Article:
“Two years seem to be very short!” This remark by Korean Jesuit Fr Michael Ku captures well what many of the participants of JCAP’s Leadership Development Programme felt after completing module four on May 18. The programme began in Quezon City, Philippines in December 2015, continued in Chiang Mai, Thailand in May 2016, in Yogyakarta, Indonesia in November 2016, and concluded with the module on Change and Continuous Learning held at the Salesian Center in Seoul, South Korea from May 11 to 18, 2017.
The first part of this module focused on equipping the participants with tools and strategies that will help them in leading and managing change in their organisations. The facilitator Karen Yao emphasised that in managing change, it is important to pay attention to both the objective, what she called the “What?” and the “Why?” of change, and the process, the “How?” of change.
At the end of this, each participant presented, before a small group and a panel of experts, a project plan that integrated their learning from all the modules. While some joked that this was like going through a thesis defence, many considered this a highlight of the programme because it provided an opportunity for everyone to listen to and learn from one another.
One important feature of the JCAP Leadership Development Programme is that it brings together Jesuits and lay collaborators from different Jesuit ministries across Asia Pacific. JCAP President Fr Mark Raper called attention to the value of this in his talk on discernment, collaboration and networking. Quoting GC 36, he pointed out that “because of the magnitude and interconnectedness of the challenges we face, it is important to support and encourage the growing collaboration among Jesuits and Jesuit apostolates across networks”.
Also in Korea to provide the participants with inputs were Fathers Ben Nebres and Roger Champoux, both from the Philippine Province. They took turns to remind the group of the importance of self-care. Fr Nebres spoke of the value of sleep, exercise and diet, while Fr Champoux talked about stress, burnout and spirituality. One key take-away from Fr Champoux’s talk is that not all stress is harmful; stress that gives meaning to one’s life can actually be good for a person. “Chasing meaning is better for one’s health than avoiding discomfort,” he stressed.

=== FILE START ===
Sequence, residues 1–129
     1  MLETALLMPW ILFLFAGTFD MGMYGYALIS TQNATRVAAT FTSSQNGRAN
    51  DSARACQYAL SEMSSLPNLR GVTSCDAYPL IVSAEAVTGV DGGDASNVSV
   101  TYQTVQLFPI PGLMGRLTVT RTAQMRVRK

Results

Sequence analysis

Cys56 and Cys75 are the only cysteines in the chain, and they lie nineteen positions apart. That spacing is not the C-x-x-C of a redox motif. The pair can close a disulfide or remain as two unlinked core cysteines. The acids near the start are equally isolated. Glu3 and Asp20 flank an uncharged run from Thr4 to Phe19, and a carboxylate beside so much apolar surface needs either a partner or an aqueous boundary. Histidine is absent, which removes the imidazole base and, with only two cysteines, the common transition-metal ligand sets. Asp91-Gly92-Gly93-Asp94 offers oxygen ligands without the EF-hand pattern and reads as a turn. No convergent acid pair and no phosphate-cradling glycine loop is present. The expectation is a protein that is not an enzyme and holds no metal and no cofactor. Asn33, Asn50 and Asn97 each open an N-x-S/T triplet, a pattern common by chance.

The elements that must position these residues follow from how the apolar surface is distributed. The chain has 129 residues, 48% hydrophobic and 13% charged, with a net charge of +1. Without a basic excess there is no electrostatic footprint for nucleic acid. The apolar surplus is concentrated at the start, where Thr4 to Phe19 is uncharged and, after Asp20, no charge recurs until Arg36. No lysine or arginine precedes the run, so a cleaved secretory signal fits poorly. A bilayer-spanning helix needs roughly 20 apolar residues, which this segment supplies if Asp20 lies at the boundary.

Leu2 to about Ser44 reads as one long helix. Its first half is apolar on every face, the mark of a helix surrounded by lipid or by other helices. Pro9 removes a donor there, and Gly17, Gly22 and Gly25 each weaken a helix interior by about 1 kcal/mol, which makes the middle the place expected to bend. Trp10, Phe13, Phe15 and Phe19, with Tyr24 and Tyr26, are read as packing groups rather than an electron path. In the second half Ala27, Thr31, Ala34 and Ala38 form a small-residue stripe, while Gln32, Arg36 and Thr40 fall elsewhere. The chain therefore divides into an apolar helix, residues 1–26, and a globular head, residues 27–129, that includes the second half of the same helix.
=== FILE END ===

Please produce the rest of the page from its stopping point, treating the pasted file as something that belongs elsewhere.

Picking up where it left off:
On the last day, after a short activity designed to synthesise all four modules, the participants were given an opportunity to address the whole group. The overwhelming feeling shared by many was that of gratitude – gratitude to the Society of Jesus for the trust and confidence in investing in them by sending them to this programme, and gratitude to Dr Edna Franco and her team from the Ateneo Center for Organization Research and Development for their hard work in putting together the programme.
As Sokha Sam from Cambodia, one of the two lay women participants, shared, “I really feel grateful for this programme. I have learned a lot. What I like about it is that the learnings are practical.” Fr Mario Lagaor from Indonesia added, “We are inexperienced, yet the demands that the ministry has imposed upon us is great. I’m thankful for this programme because the lessons I’ve learned here will surely help me in my ministry.”
While the participants clearly felt that being sent to the LDP was a great blessing, they realise that it is also a great responsibility. One cannot simply receive; one must also give. Fr Aik Maung from Myanmar put it beautifully when he said, “Initially, I was chosen for this programme. But gradually, it became my choice.”
Indeed, leadership is about making choices. One cannot be a leader by simply attending seminars and workshops. Leadership develops through the choices that one makes, in the midst of the complexities of one’s mission. The Leadership Development Programme is thus only the first step. The journey must continue. Only then will leaders truly develop.